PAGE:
My bullet journal is pretty straightforward (to me) and mostly follows Ryder Carroll’s original system, though I’m constantly making changes to the setup and structure to make it better for me–it’s an iterative process and I don’t expect to ever get to perfect!
I start with an index. The next page is a future log, then a running task list (for to-dos without a particular date). Then I start with a monthly page, just a simple list of dates and the day of the week each is, one line per day and two lines each for weekend days. Daily tasks/events follow that, taking up as much space as they need to. I also have space dedicated to notes on sourdough, headaches, goal review, story plotting/ideas, a reading journal, and other various topics.
Other than the index, future log, and running task list (which are one page each), a full spread gets only one topic, but the next spread can be any topic. When I run out of room in the previous spread with whatever I’m doing, I just turn to the next available spread and note the page numbers in the index. That flexibility is the real magic of the bullet journal system to me.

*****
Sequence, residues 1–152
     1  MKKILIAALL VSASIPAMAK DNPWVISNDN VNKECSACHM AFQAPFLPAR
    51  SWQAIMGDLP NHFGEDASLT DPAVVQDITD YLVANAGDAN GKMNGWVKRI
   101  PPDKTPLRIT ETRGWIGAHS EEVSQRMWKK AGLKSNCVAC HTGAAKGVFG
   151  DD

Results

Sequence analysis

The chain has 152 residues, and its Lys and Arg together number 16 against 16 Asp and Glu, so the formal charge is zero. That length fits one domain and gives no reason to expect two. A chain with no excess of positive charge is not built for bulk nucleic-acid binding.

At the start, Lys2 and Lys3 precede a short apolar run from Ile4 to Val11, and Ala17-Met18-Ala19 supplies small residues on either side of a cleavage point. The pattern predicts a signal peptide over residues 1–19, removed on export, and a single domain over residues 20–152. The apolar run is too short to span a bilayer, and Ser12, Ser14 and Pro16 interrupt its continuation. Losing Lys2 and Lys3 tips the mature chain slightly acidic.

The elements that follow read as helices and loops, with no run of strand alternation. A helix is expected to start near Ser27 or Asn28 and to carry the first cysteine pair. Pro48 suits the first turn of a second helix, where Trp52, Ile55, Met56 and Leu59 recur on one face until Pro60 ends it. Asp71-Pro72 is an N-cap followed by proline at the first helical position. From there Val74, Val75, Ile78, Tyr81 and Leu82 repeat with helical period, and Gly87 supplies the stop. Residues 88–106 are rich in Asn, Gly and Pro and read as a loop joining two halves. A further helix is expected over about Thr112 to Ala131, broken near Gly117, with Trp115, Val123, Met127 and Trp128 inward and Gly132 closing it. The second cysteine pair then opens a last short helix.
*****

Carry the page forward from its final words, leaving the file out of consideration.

I love and collect stickers and washi tape, but lately I don’t take the time to use them very often. The color in my journal comes from switching inks in my fountain pen (I’m having fun trying out samples). I’m two-thirds of the way through my current notebook and the index has six different inks in it!
I’ve noticed when I have a lot of chaos or anxiety in my day to day life, I follow a bunch of minimalist bujos on instagram with lots of white space. My favorite account of those was sarahboparah. Just her handwriting alone is calming to me
My work bullet journal is used daily and is crazy simple - week laid out across the spread, tasks/notes below the date, incoming vendor stuff above. I usually only lay out the current week but skipped ahead to make a blank spread (cuz confidential) then forgot and started filling it in, heh.